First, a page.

Sunday, December 13, 2009

Am I Disabled? (Part 1)

It really depends on who you ask. According to the government? The laws aren't written especially clearly, but I seem to fit their definition sometimes. My school doesn't classify people, but I get my academic accommodations from the school disability specialist. My friend J jokes that when we go to the cafeteria we should get our food for free because "you're disabled." My best friend has been kind of avoiding talking about it, but she does know that I fit some definitions. She seems to agree with me -- in terms of identity, that's something I should get to decide.

So what do I think? I'm not entirely sure. I don't like the word disability. I feel guilty taking the label, because there are a lot of people with much more serious things going on. But then there are the weeks my health is extra bad and I'm stuck in my dark silent room avoiding stimuli for even more time than I'm used to.... Or the joking conversations where we try to find things that don't cause me pain and have a lot of trouble coming up with something..... Or the times I realize to what extent I plan everything I do around my body....

I know that when I read about the social model of disability, I see how society is set up to view me and treat me as lesser because of my health. And I see a place for myself and want a place in the disability rights movement. So does that make me disabled? I'm still on my way to deciding, and I have a right to change my mind. For now, I'm just saying, "according to some definitions" and I'm going to keep reading, writing, and talking about what disability and disableism means in this society and in my life.


  1. Are you disabled? Jeeze, that's like answering, for tax purposes, whether or not you have dependents. Up until last year there were five different definitions of "dependents" for various sections of the tax law. It's an eye roller.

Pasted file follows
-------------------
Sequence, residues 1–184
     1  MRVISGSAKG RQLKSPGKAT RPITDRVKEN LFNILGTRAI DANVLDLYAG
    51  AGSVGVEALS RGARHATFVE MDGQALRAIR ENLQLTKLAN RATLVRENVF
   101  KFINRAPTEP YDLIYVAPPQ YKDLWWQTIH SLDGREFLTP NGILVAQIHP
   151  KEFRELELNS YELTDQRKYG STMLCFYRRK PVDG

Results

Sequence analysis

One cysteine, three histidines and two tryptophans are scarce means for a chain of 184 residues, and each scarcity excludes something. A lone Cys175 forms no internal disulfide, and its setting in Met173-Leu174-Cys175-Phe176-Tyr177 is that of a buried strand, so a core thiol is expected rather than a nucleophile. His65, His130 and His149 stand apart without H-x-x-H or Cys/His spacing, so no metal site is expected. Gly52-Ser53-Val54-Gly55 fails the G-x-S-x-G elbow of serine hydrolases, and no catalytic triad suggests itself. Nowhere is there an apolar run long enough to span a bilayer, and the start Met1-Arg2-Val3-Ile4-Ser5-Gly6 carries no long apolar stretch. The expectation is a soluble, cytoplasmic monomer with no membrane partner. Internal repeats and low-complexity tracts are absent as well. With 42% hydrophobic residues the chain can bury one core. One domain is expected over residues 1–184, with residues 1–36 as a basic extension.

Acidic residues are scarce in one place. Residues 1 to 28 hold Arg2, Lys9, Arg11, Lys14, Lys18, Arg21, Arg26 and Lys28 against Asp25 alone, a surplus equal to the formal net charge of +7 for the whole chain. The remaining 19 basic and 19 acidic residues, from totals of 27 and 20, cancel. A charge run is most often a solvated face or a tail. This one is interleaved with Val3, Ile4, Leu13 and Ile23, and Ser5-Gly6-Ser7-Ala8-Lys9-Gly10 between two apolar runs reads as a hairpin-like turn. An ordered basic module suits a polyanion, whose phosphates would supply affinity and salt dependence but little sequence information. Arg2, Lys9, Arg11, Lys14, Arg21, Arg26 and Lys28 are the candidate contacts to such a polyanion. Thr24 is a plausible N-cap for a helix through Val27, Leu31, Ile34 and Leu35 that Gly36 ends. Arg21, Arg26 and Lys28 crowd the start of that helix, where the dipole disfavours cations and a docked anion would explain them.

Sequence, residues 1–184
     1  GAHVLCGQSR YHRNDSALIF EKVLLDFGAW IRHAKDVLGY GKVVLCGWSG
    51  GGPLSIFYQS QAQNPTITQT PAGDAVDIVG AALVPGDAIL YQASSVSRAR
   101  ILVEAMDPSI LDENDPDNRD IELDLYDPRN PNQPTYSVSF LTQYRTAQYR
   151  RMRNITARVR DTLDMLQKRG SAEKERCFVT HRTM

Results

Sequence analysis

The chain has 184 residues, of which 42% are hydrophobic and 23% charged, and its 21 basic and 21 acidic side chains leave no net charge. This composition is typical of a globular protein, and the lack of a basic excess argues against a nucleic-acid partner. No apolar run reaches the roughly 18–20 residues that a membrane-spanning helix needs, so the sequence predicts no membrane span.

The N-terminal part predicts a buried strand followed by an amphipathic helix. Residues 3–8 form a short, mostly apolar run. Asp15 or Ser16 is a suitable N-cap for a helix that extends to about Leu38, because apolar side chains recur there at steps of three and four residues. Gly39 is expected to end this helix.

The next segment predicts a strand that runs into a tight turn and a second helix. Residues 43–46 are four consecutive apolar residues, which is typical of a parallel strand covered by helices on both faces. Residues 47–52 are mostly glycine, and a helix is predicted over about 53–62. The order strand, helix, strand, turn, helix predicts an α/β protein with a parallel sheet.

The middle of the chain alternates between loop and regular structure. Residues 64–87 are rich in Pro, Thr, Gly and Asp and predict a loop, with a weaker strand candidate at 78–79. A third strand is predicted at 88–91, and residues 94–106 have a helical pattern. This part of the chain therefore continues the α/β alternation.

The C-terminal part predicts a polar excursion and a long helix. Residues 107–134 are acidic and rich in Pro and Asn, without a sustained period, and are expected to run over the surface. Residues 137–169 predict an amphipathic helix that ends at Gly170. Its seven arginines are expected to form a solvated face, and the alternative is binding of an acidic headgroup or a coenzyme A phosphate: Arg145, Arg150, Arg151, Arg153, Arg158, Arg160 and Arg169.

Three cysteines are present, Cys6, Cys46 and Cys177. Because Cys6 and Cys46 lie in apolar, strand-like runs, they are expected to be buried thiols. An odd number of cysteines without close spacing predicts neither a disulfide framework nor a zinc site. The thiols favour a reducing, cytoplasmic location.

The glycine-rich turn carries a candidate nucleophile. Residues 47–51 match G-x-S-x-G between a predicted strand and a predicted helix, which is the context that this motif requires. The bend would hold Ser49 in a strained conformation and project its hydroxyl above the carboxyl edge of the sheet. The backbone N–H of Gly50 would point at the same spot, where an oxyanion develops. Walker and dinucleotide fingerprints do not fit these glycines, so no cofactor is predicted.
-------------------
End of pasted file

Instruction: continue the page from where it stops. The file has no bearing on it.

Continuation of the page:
As far as the IRS (my former employer) is concerned, I am disabled because I can no longer do the job I was hired to do. Social Security has different requirements. And getting that little blue hanger for the about subjective definitions on the part of doctors who sign off on those things!!

    You're right, there are lots of definitions of disabled. And letting someone else classify you...ick!!! I know what you're talking about and I want to tell you "Right On!!" for not letting someone else define you.

    So you can say "according to some definitions", you can say "none of your business", you can say "I'm differently-abled"...any and all of it works because you're not letting someone else dictate your identity. Good for you!

  2. I know how you feel as well. I find it difficult to identify myself as "disabled." There are so many ways to be disabled (physically, intellectually,etc) and the definition covers such a broad spectrum. To find a place where I fit in and can comfortably declare that I have a real "disability" is mind numbing.

    I like Kathy's choice of words "differently abled." I have a son with an intellectual disability and I have always thought of him as that way. I think it is a good idea to apply that definition to everybody.

    Everyone functions at their own level of ableness. Its just sad that when you have a chronic illness you often have to fight and declare yourself disabled to get any support or help.